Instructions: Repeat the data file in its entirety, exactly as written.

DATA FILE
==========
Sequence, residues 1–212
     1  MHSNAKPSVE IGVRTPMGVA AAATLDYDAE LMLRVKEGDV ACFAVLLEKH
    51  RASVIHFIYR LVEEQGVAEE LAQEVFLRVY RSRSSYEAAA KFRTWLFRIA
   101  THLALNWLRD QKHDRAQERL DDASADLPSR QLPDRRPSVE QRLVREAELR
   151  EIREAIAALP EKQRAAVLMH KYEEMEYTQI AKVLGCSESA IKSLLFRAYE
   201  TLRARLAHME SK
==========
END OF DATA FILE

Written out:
Sequence, residues 1–212
     1  MHSNAKPSVE IGVRTPMGVA AAATLDYDAE LMLRVKEGDV ACFAVLLEKH
    51  RASVIHFIYR LVEEQGVAEE LAQEVFLRVY RSRSSYEAAA KFRTWLFRIA
   101  THLALNWLRD QKHDRAQERL DDASADLPSR QLPDRRPSVE QRLVREAELR
   151  EIREAIAALP EKQRAAVLMH KYEEMEYTQI AKVLGCSESA IKSLLFRAYE
   201  TLRARLAHME SK